Russian history records a dramatic moment in the nineteenth century. The promiscuous and self indulgent Czar had willfully appointed an archbishop by the name of Galitsin to take charge of the religious infrastructure so that the Czar could, with his "blessing," shake off all moral restraint. But God had other plans. Galitsin marvelously came to a point of conversion, committing his life to Christ. A short while later as Napoleon's armies were putting Moscow to the flames, Galitsin's spiritual impact upon the Czar made the difference. The Czar literally fell on his face before God at a church in St. Petersburg and God memorably answered his prayer by sending a minor, minor prophet—the winter. Czar Alexander's momentous conversion saved his nation: Galitsin was the instrument.

The historical landscape is punctuated by such conversions of men and women in power through someone lesser known. After all, Proverbs 21:1 says, "The king's heart[and the hearts of his appointees!] is in the hand of the Lord: He directs it like a watercourse wherever He pleases."Somehow God manages to place his Esthers and Neherniahs to stem the tide. We often think of the leader as changing the office, and history. But God repeatedly has used history and the office to change the leader.

In a volitionally pluralistic society that moves inexorably toward the lowest common denominator on moral issues, perhaps the most unrealistic expectation we foist upon a political leader is to find middle ground in mutually exclusive issues. How comforting to know that God in His ingeniousness may have set distributive power in place to provide the goads that keep leaders on track. This is what may have prompted Churchill's witty remark that democracy is the worst form of government-except for all other forms of government. It is pivotal for us to understand that there are many voices in places of power, not just one, and that God can find a yielded heart who can, in turn, make the difference.

Finally, one of the greatest lessons Christians can ever learn from any election is that the ultimate government is not established by human effort, but by the will and wisdom of God.

Hebrews 11 reminds us of the great heroes who did not live to witness the fulfillment of the promise to restore the kingdom. Augustine wept when he heard that Rome had fallen to the barbarians. As they climbed its walls, destroying the "eternal city," a life-transforming idea invaded his spirit and he penned one of the greatest books ever, The City of God. There are earthly cities, conceived and designed as eternal, whose fallen stones today speak of their temporariness. And there is the City of God that is indestructible, and cannot be brought down by human will. Perhaps it is important that every now and then we all remind ourselves that our citizenship is in heaven.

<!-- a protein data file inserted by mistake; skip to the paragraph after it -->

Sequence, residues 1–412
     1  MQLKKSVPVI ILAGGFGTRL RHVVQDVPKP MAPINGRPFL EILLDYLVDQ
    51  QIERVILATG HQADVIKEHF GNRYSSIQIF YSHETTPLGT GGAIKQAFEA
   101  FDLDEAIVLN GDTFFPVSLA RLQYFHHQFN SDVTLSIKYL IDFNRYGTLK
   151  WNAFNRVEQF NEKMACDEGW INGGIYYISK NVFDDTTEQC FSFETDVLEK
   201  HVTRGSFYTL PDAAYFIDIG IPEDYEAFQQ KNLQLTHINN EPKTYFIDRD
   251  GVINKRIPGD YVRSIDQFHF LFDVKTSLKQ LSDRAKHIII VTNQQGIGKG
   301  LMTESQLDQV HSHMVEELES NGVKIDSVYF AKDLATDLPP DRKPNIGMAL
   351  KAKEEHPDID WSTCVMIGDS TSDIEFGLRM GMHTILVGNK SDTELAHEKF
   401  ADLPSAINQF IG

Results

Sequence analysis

In The End of Christendom Malcolm Muggeridge stated it powerfully: The world's way of responding to intimations of decay is to engage equally in idiot hopes and idiot despair. On the one hand some new policy or discovery is confidently expected to put everything to rights: a new fuel, a new drug, detente, world government. On the other, some disaster is as confidently expected to prove our undoing. Capitalism will break down. Fuel will run out. Plutonium will lay us low. Atomic waste will kill us off.

Overpopulation will suffocate us, or alternatively, a declining birthrate will put us more surely at the mercy of our enemies.

In Christian terms, such hopes and fears are equally beside the point. As Christians we know that here we have no continuing city, that crowns roll in the dust and every earthly kingdom must sometimes flounder, whereas we acknowledge a king men did not crown and cannot dethrone, as we are citizens of a city of God they did not build and cannot destroy. Thus the apostle Paul wrote to the Christians in Rome, living in a society as depraved and dissolute as ours. Their games, like our television, specialized in spectacles of violence and eroticism. Paul exhorted them to be steadfast, unmovable, always abounding in God's work, to concern themselves with the things that are unseen, for the things which are seen are temporal but the things which are not seen are eternal. It was in the breakdown of Rome that Christendom was born. Now in the breakdown of Christendom there are the same requirements and the same possibilities to eschew the fantasy of a disintegrating world and seek the reality of what is not seen and eternal, the reality of Christ.

I think back upon the discussion with the generals as they bemoaned the loss of law and order in their newly freed society. Human leaders, however good, can at best prepare freedom for their people. Only Christ can prepare people for freedom. To that end, we are confident that with the ebb and flow of history it is not so much the one or the other—the people or the leaders-but that within this human dialectic, both bear responsibility. The Christian recognizes that while the present may point to the eternal, our optimism or dismay can never be entirely controlled by the present. For we seek a city whose builder and maker is God.—